15 Jul 2019 laia

The Decay of comms: The negative effects of micromanaging your team and how to mend it

Micromanagement. It’s a curse word in the working world (and rightly so). We don’t like to hear it mentioned, definitely don’t like to experience it, and yet it happens so often that productivity decline and turnover increases are plaguing the industry.

A work environment created by micromanagement is inefficient and filled with unease. Employees who are made to feel that their work will never be good enough, lose motivation and confidence in their ability to perform.

Here are a few ways micromanagement negatively affects employees:

Reduced Innovation

Employee engagement drives innovation, and empowering employees helps increase creativity and productivity. Micromanagement disempowers employees by not allowing them to get results in ways that work for them. This makes them feel less accountable for their results and less engaged. Micromanagers underutilise their employees’ skills, knowledge, and talent by controlling their every movement. They leave no room for employees to critique and improve their own processes to develop their expertise. Essentially, micromanagers diminish their teams’ capacity to innovate. Demanding creativity while jumping in to make decisions and adding pressure to work a certain way does not create a work environment conducive to innovation.

Impact on the Workplace Atmosphere

In the employee job satisfaction survey, millennials cited their number one contributor (66%) to satisfaction in the workplace as ‘respectful treatment of all employees at all levels’. It’s no wonder that the atmosphere becomes contentious when employees feel frustrated and that their contributions are not valued. Demotivated employees create a poor atmosphere which can have long-reaching business effects like unhappy clients, uncreative work, and low staff retention.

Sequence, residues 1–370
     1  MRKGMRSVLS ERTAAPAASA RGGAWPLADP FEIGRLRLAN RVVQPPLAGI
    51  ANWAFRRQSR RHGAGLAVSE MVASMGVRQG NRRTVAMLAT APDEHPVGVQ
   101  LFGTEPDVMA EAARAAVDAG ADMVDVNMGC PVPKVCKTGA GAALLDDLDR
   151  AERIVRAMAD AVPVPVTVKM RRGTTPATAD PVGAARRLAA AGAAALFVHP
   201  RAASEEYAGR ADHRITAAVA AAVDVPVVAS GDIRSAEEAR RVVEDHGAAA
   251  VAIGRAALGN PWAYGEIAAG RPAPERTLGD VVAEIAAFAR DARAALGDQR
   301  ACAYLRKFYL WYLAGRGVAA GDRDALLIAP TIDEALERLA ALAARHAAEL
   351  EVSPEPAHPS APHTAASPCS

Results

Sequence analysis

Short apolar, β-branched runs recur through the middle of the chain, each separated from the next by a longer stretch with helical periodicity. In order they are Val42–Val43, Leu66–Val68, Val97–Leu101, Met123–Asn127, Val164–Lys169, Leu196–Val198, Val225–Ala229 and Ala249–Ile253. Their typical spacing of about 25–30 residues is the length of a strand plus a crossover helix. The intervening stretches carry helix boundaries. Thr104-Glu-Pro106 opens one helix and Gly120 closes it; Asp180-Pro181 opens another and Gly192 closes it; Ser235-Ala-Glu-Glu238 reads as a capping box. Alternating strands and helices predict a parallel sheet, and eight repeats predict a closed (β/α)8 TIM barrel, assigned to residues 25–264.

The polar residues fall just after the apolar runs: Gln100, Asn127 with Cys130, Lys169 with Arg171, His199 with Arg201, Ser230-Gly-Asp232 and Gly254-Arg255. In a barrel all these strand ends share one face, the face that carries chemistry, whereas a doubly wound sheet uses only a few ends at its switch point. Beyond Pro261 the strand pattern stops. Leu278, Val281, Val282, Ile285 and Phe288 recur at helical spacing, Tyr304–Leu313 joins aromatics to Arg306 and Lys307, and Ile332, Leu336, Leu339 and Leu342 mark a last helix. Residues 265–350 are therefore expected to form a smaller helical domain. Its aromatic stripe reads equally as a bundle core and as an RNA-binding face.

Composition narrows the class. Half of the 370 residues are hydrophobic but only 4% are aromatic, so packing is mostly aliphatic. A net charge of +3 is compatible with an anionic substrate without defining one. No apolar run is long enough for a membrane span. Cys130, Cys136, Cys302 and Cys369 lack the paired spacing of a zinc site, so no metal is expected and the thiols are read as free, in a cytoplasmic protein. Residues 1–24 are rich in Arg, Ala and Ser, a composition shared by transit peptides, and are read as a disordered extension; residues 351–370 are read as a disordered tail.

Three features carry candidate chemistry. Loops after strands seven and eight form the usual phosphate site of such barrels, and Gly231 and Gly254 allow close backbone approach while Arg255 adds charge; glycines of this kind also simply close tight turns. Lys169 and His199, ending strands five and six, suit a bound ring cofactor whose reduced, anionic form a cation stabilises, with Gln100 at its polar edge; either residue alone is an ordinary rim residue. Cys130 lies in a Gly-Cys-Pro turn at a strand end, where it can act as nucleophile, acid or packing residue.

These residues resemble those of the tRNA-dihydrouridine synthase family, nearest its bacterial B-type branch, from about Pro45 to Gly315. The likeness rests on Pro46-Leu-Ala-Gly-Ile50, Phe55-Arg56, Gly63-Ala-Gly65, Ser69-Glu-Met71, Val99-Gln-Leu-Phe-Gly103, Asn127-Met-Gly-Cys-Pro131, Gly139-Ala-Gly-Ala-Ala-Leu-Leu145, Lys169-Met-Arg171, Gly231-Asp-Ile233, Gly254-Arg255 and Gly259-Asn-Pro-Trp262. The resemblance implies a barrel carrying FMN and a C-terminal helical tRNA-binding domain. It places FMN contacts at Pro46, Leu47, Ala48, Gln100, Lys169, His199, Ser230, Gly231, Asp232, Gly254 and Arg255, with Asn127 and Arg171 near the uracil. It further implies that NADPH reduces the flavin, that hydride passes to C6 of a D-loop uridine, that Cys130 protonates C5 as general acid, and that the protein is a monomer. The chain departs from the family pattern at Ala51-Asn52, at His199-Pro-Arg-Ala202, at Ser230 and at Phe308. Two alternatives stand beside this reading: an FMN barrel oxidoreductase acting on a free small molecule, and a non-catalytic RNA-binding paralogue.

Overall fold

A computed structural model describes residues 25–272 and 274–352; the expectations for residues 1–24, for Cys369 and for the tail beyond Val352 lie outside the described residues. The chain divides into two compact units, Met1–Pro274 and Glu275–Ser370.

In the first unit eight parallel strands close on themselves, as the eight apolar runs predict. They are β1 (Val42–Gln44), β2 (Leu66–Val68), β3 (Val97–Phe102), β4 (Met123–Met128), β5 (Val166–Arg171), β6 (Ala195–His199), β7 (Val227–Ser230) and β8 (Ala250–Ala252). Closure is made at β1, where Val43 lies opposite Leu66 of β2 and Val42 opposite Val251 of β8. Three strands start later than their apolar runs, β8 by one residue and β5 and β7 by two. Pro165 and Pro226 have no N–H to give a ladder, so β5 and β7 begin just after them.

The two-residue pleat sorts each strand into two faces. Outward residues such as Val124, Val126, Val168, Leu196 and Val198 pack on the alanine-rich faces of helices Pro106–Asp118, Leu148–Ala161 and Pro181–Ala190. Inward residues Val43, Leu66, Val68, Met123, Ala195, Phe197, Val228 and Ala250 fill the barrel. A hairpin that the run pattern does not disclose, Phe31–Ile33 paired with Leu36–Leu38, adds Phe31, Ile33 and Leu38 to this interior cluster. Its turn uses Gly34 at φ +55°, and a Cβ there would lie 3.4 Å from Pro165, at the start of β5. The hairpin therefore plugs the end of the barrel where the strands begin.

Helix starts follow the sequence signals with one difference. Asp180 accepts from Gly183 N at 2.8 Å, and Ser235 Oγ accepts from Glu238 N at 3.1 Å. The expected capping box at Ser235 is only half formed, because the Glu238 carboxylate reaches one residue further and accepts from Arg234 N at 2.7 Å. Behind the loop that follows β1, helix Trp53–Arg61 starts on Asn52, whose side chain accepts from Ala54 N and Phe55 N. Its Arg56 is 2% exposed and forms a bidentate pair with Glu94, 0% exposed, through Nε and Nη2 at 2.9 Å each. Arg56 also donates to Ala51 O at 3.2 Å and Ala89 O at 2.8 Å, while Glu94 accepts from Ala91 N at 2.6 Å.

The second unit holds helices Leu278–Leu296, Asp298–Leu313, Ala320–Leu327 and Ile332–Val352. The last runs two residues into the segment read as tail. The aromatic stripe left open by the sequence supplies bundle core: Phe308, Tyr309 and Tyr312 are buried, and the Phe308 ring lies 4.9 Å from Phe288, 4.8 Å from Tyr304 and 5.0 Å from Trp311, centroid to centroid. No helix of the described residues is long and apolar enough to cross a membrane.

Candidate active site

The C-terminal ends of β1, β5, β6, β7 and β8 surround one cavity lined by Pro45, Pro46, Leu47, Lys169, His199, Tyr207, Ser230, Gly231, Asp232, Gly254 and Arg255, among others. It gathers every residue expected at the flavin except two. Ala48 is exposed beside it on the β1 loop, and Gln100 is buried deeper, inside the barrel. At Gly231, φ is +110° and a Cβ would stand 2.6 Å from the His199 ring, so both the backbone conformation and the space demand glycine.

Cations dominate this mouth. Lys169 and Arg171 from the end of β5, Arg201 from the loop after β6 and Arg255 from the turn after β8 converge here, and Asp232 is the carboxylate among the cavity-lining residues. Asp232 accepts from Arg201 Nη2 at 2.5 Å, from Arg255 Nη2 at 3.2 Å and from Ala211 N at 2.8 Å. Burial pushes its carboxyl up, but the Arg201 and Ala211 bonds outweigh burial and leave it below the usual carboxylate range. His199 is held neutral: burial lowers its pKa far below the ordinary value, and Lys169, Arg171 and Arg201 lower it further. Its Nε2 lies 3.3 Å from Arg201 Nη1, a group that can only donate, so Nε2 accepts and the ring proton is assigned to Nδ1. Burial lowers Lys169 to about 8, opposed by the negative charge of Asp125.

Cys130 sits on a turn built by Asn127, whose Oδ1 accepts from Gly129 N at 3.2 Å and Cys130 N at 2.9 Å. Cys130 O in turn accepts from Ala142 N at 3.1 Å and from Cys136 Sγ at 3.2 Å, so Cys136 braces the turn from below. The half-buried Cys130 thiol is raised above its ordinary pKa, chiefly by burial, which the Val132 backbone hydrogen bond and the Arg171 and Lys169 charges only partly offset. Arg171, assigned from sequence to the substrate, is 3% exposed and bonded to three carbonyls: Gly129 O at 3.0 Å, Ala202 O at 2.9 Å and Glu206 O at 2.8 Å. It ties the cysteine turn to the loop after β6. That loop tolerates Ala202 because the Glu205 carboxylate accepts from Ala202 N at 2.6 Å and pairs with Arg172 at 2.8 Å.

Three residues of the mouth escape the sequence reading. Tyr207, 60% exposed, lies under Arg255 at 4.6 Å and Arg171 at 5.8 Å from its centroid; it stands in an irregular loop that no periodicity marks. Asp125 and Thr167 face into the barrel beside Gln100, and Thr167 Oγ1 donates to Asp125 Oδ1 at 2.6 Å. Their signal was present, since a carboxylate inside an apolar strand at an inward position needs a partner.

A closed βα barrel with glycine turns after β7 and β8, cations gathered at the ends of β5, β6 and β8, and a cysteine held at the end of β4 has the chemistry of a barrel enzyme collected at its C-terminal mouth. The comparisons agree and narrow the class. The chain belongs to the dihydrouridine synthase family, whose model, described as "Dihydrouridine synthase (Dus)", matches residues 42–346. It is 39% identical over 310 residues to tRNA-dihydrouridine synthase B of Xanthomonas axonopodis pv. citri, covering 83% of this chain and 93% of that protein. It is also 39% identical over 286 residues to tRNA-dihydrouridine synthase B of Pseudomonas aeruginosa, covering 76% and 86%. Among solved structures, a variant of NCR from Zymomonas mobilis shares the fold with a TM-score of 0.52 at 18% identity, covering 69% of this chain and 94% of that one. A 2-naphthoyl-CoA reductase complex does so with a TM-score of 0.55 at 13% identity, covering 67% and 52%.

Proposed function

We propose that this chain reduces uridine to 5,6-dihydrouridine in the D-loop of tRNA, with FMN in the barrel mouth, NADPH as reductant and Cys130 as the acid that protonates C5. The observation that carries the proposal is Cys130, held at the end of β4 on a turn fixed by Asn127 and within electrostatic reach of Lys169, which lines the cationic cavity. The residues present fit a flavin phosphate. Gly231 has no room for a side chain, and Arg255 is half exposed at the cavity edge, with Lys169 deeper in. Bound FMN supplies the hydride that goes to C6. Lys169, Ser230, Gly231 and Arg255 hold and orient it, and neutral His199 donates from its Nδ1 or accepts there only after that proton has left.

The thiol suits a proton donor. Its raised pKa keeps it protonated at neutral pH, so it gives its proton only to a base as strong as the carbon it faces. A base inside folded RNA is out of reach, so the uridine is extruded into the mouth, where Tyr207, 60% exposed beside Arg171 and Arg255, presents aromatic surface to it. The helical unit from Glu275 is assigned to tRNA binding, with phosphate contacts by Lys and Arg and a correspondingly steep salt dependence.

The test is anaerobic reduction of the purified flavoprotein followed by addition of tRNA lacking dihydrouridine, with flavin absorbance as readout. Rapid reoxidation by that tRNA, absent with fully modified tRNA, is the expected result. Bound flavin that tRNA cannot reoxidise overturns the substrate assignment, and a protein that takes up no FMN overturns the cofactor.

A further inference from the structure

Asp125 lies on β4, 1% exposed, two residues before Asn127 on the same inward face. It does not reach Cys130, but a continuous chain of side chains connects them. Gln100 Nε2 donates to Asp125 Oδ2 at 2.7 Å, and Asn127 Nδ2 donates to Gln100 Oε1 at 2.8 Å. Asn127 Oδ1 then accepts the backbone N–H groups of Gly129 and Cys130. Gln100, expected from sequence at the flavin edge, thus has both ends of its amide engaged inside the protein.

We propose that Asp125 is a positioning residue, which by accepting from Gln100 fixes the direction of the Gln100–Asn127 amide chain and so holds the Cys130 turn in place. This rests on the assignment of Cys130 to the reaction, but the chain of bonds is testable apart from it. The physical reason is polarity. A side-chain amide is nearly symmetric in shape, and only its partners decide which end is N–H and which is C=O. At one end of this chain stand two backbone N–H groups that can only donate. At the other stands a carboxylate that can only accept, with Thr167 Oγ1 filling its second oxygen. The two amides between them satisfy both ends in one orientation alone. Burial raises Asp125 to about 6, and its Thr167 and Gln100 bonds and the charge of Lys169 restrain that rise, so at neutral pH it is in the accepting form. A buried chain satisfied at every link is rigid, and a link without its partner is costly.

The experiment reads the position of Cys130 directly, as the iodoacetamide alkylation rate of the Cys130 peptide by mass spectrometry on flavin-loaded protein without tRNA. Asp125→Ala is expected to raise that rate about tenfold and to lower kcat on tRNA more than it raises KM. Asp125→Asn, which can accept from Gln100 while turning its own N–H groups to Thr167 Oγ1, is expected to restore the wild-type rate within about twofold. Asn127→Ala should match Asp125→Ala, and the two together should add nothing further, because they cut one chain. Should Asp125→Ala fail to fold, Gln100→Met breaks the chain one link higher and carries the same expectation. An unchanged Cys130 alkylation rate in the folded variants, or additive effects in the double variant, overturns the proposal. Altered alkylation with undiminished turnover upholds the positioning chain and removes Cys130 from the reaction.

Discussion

Do you think you might be a micro manager? Here’s a few key indicators you just might be:

  1. You don’t trust your team and they avoid you.
  2. You brief your team, but answer your own brief without allowing their input.
  3. You generally control the flow of information and lack transparency with your team and clients.
  4. You criticise the small things (execution) without guiding the thinking (strategy).
  5. You interfere with the creative process, and believe your ideas are more valuable as the senior team member with more experience.
  6. You’re territorial and you limit others other’s input to the task at hand, you rarely delegate.
  7. You watch every move an employee makes and are sure to let them know about it.
  8. You create the rules on how a task needs to be done, but do not provide any insight on why those rules matter.

So what are some steps can you take to mend the communication gap on your team?

It’s no surprise that micromanagement and the lack of communication are closely aligned. Essentially, learning how to effectively communicate with your colleagues is the best way to understand the management style they best respond to, helps mitigate conflict, and is an integral element to business success. One of my favourite Richard Branson recommendations for leaders is to “listen more than you talk”, by listening and absorbing others opinions you not only learn something new, you also showcase that you place value in the other person’s contribution. Another useful tip? Don’t forget that your body language speaks volumes and your non-verbal cues contribute up to 55% of how your message is perceived.  Showcase you are truly engaged by what your colleague is saying by providing them your full attention (get off your phone) and master other physical habits that exhibit your engagement.

There are many other ways of learning communications skills, you need to invest the time in researching some that best work for you and your team. Communicating effectively in the workplace is an essential tool we all need to work towards perfecting, after all it is where we spend at least eight hours a day.  

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Syreeta van Rooyen P.R Senior Account Manager , PR

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